Published: Wednesday, February 23, 2011, 9:52 AM Updated: Wednesday, February 23, 2011, 9:55 AM
Give state Sen. Andrew Lanza credit for sticking with a thorny issue that other elected officials might have walked away from and never looked back.
In December, Mr. Lanza along with 21 other state Senators, voted against a bill to bail out the city’s foundering Off-Track Betting Corp.
It was the right move in the eyes of many people. That’s because OTB, despite the long-held assumption that legalized gambling is a can’t-lose proposition, has actually been losing money for years. OTB took in nearly $1 billion a year in bets, but competition from casinos and other gambling operations and gross mismanagement cut deeply into its revenue. And the huge share the state greedily claimed from its revenue stream made it a net loser.
Finally, at the urging of Mayor Michael Bloomberg and others, the state refused to prop it up any longer. An 11th-hour measure to save OTB failed to pass in the Legislature and OTB’s operations were shut down. That put Mr. Lanza on the bad side of OTB employees who were suddenly without jobs and benefits.
The Republican lawmaker took his lumps from the bitter employees and public employees unions — not his base constituents by any means — but, to his credit, he didn’t let the issue go.
This week, he introduced a bill that would reconstitute OTB as a private-public partnership with an independent contractor taking over the operation. The bill calls for at least three betting parlors in each borough and requires the new managers to give priority to re-hiring former OTB employees with a health benefits package resembling what they used to have.
In addition, it would require the state to set aside a fund of $4.6 million to cover the health care costs of retired employees who don’t seek to get their old jobs back.
Mr. Lanza is enthusiastic about his initiative.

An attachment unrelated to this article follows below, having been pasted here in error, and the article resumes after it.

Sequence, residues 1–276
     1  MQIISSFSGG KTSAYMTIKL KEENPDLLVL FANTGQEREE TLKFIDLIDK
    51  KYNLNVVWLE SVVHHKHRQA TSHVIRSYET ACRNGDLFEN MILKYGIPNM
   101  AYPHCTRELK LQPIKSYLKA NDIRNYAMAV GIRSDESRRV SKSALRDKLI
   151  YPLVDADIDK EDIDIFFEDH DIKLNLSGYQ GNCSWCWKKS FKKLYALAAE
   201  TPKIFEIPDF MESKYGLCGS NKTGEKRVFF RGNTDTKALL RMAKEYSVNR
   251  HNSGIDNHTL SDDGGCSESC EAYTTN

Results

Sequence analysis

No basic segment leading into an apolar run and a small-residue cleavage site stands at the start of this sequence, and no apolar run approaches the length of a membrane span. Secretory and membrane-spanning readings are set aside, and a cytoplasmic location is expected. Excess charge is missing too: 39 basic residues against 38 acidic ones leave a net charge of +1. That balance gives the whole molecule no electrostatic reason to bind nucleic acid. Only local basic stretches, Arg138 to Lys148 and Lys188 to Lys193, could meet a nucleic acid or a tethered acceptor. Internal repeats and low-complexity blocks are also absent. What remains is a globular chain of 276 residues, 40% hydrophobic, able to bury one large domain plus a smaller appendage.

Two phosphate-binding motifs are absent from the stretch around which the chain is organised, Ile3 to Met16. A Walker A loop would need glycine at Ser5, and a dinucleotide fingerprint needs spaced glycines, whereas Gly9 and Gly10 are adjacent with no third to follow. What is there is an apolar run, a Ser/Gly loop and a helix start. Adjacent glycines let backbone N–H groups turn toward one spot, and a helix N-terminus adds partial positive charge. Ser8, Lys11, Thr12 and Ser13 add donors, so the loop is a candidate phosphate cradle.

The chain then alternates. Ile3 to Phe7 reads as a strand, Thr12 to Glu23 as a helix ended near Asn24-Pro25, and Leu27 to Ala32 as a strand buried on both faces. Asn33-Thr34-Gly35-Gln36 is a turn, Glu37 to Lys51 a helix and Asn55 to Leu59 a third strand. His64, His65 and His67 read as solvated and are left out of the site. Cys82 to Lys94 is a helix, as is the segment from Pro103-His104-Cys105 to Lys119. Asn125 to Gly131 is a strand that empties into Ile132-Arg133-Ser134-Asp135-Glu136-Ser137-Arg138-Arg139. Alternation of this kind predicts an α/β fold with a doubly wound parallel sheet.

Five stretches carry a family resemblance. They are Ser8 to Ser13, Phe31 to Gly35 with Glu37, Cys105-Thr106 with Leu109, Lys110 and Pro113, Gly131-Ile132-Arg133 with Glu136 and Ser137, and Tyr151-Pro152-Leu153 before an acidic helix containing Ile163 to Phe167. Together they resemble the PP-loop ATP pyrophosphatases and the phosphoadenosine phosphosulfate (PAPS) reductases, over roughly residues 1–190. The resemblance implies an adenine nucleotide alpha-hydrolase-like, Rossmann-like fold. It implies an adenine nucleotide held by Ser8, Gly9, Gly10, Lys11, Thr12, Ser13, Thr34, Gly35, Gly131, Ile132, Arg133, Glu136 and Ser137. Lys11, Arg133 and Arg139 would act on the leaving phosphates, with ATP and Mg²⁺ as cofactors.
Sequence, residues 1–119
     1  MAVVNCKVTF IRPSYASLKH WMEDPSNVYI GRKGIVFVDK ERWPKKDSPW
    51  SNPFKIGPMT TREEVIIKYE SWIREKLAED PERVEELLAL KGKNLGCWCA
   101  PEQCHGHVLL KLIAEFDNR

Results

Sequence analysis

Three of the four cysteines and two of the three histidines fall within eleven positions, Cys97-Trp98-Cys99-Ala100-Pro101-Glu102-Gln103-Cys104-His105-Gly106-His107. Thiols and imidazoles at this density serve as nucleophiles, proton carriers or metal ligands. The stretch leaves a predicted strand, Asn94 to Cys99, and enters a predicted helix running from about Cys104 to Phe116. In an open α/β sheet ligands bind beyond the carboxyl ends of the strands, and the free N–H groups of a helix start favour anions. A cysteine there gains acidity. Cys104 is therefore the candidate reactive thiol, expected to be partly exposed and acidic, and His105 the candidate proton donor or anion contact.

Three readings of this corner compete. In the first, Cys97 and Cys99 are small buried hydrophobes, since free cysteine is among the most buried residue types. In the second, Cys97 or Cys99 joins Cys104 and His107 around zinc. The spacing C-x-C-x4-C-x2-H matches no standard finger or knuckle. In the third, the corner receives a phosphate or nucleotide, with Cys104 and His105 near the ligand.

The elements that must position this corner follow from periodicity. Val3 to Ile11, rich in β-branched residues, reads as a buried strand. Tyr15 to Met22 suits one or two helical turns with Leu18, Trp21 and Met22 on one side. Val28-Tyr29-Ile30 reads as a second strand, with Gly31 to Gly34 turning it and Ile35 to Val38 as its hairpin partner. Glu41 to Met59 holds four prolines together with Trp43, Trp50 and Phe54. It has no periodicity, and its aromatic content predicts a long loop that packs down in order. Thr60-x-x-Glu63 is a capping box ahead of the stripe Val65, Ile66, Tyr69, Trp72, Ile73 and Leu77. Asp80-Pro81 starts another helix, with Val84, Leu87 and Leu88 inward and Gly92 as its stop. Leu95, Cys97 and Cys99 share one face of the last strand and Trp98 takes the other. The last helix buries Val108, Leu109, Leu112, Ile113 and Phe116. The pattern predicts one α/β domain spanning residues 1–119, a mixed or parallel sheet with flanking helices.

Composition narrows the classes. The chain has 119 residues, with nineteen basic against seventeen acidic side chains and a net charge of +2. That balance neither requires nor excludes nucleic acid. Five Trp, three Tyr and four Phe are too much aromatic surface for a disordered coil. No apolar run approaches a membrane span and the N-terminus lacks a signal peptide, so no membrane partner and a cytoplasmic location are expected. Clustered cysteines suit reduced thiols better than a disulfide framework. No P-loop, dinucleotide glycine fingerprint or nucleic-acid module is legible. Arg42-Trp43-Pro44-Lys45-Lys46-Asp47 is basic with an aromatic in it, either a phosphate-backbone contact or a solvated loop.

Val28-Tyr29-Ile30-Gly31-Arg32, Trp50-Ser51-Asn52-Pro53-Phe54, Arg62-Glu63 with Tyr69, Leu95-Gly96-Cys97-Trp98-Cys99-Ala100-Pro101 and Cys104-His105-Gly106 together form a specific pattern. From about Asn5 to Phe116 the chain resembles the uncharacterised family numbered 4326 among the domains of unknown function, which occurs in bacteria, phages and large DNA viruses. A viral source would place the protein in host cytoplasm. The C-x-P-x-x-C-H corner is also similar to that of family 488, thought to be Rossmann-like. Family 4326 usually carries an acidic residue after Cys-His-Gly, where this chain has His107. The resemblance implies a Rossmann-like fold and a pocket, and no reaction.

"The potential for revenues is tremendous," he said. "We are talking about something real here."
The lawmaker speculates there would be "three or four potential suitors," including race tracks in the state.
If passed, the bill calls for the state to issue a Request for Proposals (RFP) from entities interested in taking over OTB.
Noting the unhappy result of the failure of bailout bill he voted against in December, he said, "Good people were put out of work. This gives us the opportunity to restore jobs and provide a revenue stream."
If all goes according to his plan, it would do that, and we hope his plan succeeds.
But even if a private operator were able to run OTB more efficiently — and it couldn’t be run any worse than it had been — many of the same factors that led to the demise of the original OTB are still in place. In particular, if the state demands the same exorbitant share of the proceeds it used to demand from OTB, it’s hard to imagine profit-minded private operators stepping forward to seize such a dubious opportunity.
Realistically, we can’t help but wonder if the time for off-track horse race betting hasn’t passed. Still, for the sake of the former employees, we hope we’re wrong and that Mr. Lanza’s bill passes, that he gets appropriate "suitors" and that OTB is resurrected as a financially viable operation, something it hasn’t been for years.